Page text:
Wade admits he took a step back so LeBron could lead Heat

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It was always the question that ultimately needed to be answered in Miami — whose team is the Heat? LeBron James or Dwyane Wade?

They tried sharing the load evenly and that got them within two wins of an NBA title. But you could feel the limitations of that style when LeBron went into a fog in the finals. The question loomed. It was not something Pat Riley or Erik Spoelstra could answer for them.

But as this season has worn on it was clear Wade had given the reins to LeBron. Wade still averaged 22 points a game, he still had his moments, he would still close some games, but this became LeBron’s team. He had an MVP season. That includes in the fourth quarter, when LeBron had the second highest PER in the league.

Wade did this as a conscious decision, Wade told Israel Gutierrez in a fantastic story at ESPN (you should read the entire thing).

“It was probably one of the hardest things I had to do in sports was to, in a sense, take a step back,” Wade said. “A lot of people don’t understand. They’ll say, ‘Why would you do that?’ To me, I want more success from winning. I don’t want another scoring title. I’m just trying to win.

“I felt that it had to come from nobody but me, to say, ‘Go ahead, man. You’re the best player in the world. We’ll follow your lead.’ Once I said that, I thought he kind of exhaled a little bit.”

Wade said this really came to him in January when, sidelined by injury, he watched LeBron step forward with monster numbers. Wade said he realized he had to make LeBron feel comfortable.

“I just had some time to sit back and think a lot,” Wade said. “I just realized what we’re playing for, and what I’m playing for.

“LeBron is probably the most talented player we’ve seen in a while, but how good can we be? Are we going to be good if me and him are both scoring 27 a night? Yeah, we’re gonna be good, but it would be too much, ‘OK, it’s your turn, now it’s your turn.’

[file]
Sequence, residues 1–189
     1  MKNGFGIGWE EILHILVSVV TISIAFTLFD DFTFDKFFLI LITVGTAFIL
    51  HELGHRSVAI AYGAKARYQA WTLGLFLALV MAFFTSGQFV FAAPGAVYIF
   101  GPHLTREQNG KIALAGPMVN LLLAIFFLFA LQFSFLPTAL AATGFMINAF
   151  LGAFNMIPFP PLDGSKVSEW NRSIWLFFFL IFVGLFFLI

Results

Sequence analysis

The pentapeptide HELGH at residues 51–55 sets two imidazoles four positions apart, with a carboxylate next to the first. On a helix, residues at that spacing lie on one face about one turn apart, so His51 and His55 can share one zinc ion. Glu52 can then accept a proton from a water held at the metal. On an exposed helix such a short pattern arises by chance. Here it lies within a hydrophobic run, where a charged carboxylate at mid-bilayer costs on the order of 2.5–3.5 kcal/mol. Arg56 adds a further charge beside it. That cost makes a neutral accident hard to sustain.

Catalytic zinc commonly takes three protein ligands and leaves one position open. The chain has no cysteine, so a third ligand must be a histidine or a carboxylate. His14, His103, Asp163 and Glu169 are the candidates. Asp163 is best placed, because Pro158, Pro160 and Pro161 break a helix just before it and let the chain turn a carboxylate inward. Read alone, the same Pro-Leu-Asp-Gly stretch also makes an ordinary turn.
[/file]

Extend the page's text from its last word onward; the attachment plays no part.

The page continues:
“I wanted to give him the opportunity where he didn’t have to think about that. It’s kind of like I told him, ‘Listen, I’ll find my way. Don’t worry about me. I’ll be there. But you go out and be the player that we want you to be.'”

The result was a strong regular season. Of course the real test — the only test that will matter in many people’s minds — is still ahead of them. Unless they return to the finals and get two more wins this time, the same questions, taunts and everything else will come back with a vengeance.

But Wade seems very comfortable with his decision. That alone has changed the dynamic on this team. We will see in the next month how much.

Report: Sweet-shooting 7-footer Lauri Markkanen leaving Arizona for NBA draft

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Lauri Markkanen is 7-foot and made 42% of his 3-pointers this season.

That combination alone will have NBA teams drooling, and the Arizona freshman will capitalize.

Evan Daniels of Scout:

Arizona’s Lauri Markkanen is declaring for the NBA Draft and is expected to sign with an agent, multiple sources told Scout.

Markkanen seems pretty certain to get picked in the lottery, likely in the top 10.